Advertisement
YOU ARE HERE: LAT HomeCollectionsInfections
IN THE NEWS

Infections

NEWS
November 21, 1989 | DAN MORAIN, TIMES STAFF WRITER
Longshoreman Buck Helm, who lived for more than a month after being trapped for days amid the collapsed Nimitz Freeway, probably died from widespread infection and the stress it placed on an already diseased heart, his doctor said Monday. Helm's death Saturday shocked the medical staff because he appeared to be improving last week, said Dr. Tom McDonald, chief of surgery at Oakland's Kaiser Permanente Medical Center. But Helm broke into a fever Thursday, suggesting that he had an infection.
Advertisement
CALIFORNIA | LOCAL
July 30, 1994 | ERIC SLATER
In front of the media Friday, Bernie Donner was witty and upbeat. When the cameras turned, though, the emotions came. "Thank you for saving my life," he whispered in a choked-up voice, wrapping his arms around internal medicine specialist Dr. Peter Miao.
NEWS
April 24, 1998 | From Times Wire Reports
Despite a historic drop in AIDS cases and deaths in the U.S. in the last few years, the rate at which people are becoming infected with HIV has held relatively steady, the government said. The Centers for Disease Control and Prevention in Atlanta said that many people are not heeding warnings about unsafe sex and drug use.
BUSINESS
April 14, 2004 | From Associated Press
Kraft Foods Inc. said Chief Executive Roger Deromedi has been suffering from a viral infection but will return to work May 10 -- ending the company's two-week silence on his previously undisclosed illness and condition. The nation's largest food company did not explain why it had chosen to keep the details surrounding the hospitalization of its 50-year-old CEO such a tightly held secret for so long despite calls by investors to release more information.
NEWS
February 22, 1998 | THOMAS H. MAUGH II, TIMES MEDICAL WRITER
The medical odyssey of 14-year-old Jeff Thornton, who died after developing gangrene from frostbite, is a testament to how exposure to severe cold can lead to infection. Exposure to cold shrinks blood vessels in the feet and hands, pinching off circulation and leaving the limbs without enough blood flow to fight infection in those areas. Tissues also die because of the lack of blood, providing a fertile breeding ground for bacteria.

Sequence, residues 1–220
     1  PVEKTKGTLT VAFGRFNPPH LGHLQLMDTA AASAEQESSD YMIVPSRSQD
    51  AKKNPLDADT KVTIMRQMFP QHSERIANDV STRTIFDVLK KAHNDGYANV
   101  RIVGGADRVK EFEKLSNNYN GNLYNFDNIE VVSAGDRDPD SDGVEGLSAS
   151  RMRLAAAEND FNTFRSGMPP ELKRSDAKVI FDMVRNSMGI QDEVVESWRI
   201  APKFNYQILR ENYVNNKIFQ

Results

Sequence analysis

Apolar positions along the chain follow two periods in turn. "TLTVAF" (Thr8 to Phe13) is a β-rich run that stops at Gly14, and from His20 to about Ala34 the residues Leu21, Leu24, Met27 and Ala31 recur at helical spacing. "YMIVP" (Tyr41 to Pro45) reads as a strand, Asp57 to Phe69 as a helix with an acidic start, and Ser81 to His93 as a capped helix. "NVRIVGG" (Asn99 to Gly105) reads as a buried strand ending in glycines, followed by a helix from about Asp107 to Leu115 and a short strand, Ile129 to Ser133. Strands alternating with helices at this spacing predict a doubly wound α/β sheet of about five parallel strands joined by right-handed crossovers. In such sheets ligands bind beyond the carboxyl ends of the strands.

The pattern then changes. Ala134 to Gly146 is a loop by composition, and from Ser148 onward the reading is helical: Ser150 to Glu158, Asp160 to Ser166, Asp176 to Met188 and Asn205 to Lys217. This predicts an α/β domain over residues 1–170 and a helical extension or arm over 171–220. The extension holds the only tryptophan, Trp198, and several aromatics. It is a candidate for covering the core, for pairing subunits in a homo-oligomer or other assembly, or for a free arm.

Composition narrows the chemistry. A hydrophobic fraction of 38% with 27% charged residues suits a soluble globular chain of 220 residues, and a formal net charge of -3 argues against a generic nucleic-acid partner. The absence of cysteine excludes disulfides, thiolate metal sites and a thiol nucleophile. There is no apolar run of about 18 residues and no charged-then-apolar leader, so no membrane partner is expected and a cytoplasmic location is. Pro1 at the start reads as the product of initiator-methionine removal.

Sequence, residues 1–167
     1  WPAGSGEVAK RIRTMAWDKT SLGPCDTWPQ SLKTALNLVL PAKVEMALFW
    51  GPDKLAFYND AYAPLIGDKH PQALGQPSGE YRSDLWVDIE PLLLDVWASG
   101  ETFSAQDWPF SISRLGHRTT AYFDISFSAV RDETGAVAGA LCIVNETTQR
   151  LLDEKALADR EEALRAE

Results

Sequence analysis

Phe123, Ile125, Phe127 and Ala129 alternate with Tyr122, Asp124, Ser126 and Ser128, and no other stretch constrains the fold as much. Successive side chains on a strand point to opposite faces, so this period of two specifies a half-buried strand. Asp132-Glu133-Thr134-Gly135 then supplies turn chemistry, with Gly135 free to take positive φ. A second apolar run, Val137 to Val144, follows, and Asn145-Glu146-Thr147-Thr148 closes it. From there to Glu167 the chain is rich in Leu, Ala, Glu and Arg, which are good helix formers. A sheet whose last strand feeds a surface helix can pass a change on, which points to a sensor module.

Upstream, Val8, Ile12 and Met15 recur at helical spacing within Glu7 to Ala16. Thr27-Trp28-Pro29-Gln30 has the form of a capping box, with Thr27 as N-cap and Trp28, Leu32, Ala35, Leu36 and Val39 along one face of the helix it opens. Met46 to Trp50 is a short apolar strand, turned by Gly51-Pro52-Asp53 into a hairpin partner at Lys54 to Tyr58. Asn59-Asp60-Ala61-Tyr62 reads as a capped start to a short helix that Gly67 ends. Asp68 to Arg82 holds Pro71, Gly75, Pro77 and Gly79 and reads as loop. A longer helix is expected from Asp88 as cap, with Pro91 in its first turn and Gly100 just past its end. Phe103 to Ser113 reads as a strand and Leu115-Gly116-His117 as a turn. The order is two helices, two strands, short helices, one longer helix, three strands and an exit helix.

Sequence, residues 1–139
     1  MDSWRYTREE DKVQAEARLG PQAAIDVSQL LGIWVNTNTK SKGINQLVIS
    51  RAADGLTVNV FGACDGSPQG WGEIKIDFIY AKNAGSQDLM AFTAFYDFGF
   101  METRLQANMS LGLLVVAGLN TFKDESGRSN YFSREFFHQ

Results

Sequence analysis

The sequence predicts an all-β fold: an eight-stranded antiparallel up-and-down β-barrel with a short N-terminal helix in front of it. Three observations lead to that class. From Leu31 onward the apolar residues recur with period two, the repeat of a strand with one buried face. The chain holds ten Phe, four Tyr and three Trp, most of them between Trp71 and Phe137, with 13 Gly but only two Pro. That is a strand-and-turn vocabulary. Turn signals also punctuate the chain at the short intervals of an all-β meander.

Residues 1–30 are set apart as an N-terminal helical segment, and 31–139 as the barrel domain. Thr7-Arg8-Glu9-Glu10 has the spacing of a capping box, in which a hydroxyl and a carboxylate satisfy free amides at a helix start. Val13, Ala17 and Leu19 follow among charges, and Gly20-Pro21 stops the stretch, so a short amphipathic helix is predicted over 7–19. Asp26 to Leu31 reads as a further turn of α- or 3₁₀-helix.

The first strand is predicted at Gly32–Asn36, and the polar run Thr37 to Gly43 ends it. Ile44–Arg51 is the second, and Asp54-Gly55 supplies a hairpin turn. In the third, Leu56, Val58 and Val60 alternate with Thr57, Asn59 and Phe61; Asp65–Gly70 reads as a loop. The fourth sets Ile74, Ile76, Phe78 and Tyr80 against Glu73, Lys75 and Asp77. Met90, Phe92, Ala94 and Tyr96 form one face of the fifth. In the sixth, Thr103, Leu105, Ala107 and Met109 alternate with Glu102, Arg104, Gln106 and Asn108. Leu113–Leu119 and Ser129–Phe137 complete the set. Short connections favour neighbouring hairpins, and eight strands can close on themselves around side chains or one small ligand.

NEWS
April 14, 1991 | MARLENE CIMONS, TIMES STAFF WRITER
Rather than endorse mandatory restrictions, federal officials appear likely to recommend that AIDS-infected health care professionals voluntarily refrain from performing surgery and other invasive procedures or seek expert advice before continuing to do so.
NATIONAL
June 30, 2005 | From Times Wire Reports
A woman pleaded guilty to causing the death of her 15-month-old son, whose severe diaper rash led to a fatal infection. Amy Livingston, 27, pleaded guilty in Ebensburg to involuntary manslaughter in the boy's death and to child endangerment for not treating a rash on another son. Her son Harley died in December of sepsis and dehydration. His brother, Hunter, 4, was successfully treated. Doctors testified at a preliminary hearing that the baby could have survived with basic care.
NEWS
January 1, 1988 | United Press International
Although some medical authorities have said the chances of contracting an AIDS virus infection after one sexual encounter with a virus carrier are low, new research indicates that it can happen, government scientists reported Thursday. Researchers from the Centers for Disease Control were puzzled by the findings, which they said suggested that sexual behavior alone does not explain heterosexual transmission of HIV, the virus that causes acquired immune deficiency syndrome.
NEWS
December 23, 1988 | THOMAS H. MAUGH II, Times Science Writer
Stanford scientists have made a major advance in AIDS research by transmitting the disease to mice that have a human immune system. The infected mice, experts said, promise to be valuable tools for studying the development of AIDS as well as for testing new drugs and vaccines. The production of mice with human immune systems was announced only three months ago, after the Stanford scientists had implanted fetal human immune tissues into a special strain of immune-deficient mice.
NEWS
June 23, 1990 | JANNY SCOTT, TIMES MEDICAL WRITER
The number of health-care workers accidentally infected with the AIDS virus is rising, researchers reported here Friday, while the possibility of using drugs such as AZT to protect them remains in question. Thirty-four cases of occupationally acquired AIDS virus infection have been reported to federal health officials. New studies indicate that many health-care workers are not routinely taking recommended steps to avoid exposure to patients' blood.
Los Angeles Times Articles
|